The End of Raw Milk
Real Milk to be a Thing of the Past?
Why exactly is Monsanto’s head of the FDA’s food safety division trying to make real milk disappear? An interesting possibility comes to light thanks to news of an $8.3 million grant awarded to a group of universities by the Bill and Melinda Gates Foundation to help advance research in genetically engineered foods. What’s worrying is that if the FDA bans raw milk, then milk as we know it will become a continually-changing, genetically engineered confection, which can have all sorts of effects on the helpful bacteria that live inside our gut and keep us healthy.
Playing around with the genetic makeup of milk would affect the huge number of dairy products we consume regularly, including yogurt, ice cream, butter, cream cheese, and so on. That, in turn, would affect the bacteria living inside human guts, and which comprises most of our immune system. The NIH, meanwhile, recently released a report that indicates just how essential these bacteria are to keeping humans healthy. Ultimately, then, Gates’ project would hurt not only one key food that we consume, but also the human body’s immune capabilities which rely on that food.
The project will be led by Washington University in St. Louis (a region where Monsanto is especially powerful). The problem with all this is a marked absence of real, organic food being used to combat malnutrition. In a blurb, the University of California–Davis (which is part of the group) stated that “Researchers at the University of California, Davis, will join an international effort to develop new ways to diagnose, treat, and prevent malnutrition in infants and children around the world.” If Gates really wants to combat malnutrition, why is his grant designed to promote genetically engineered foods, and even to replace real milk with a ‘designer’ product?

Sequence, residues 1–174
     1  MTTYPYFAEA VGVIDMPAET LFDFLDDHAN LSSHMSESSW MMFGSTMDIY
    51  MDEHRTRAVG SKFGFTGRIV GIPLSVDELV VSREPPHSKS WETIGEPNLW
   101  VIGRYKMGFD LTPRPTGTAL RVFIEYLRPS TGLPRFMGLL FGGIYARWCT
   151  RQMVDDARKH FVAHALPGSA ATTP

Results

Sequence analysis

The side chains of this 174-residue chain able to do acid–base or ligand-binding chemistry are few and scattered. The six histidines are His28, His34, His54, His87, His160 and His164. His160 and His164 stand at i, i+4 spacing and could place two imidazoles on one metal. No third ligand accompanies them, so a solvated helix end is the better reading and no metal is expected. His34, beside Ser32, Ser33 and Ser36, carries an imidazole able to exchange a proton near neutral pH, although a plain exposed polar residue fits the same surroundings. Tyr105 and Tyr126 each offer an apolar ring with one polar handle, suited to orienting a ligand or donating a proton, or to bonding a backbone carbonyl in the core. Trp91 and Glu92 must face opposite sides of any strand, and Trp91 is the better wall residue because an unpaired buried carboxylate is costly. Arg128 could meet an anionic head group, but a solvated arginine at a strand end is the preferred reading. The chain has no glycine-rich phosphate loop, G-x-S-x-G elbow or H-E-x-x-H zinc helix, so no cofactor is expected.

Nutritionist Kathryn Dewey at UC–Davis stated that ““This multidisciplinary project will allow us to expand our understanding of how to prevent infant malnutrition, which is a major focus of the UC Davis Program in International and Community Nutrition.
The results of these experiments will provide critical information about whether the lipid-based nutrient supplements that we are evaluating in ongoing research have an influence on the collection of microorganisms in the human gut, which will help us understand the impact of our interventions on child growth."
The UC–Davis team will investigate the complex sugars in human breast milk and try to identify specific bacteria in infant guts with a view toward isolating such bacteria which can react with components found in commercial dairy products to enrich the natural protection of mothers’ milk.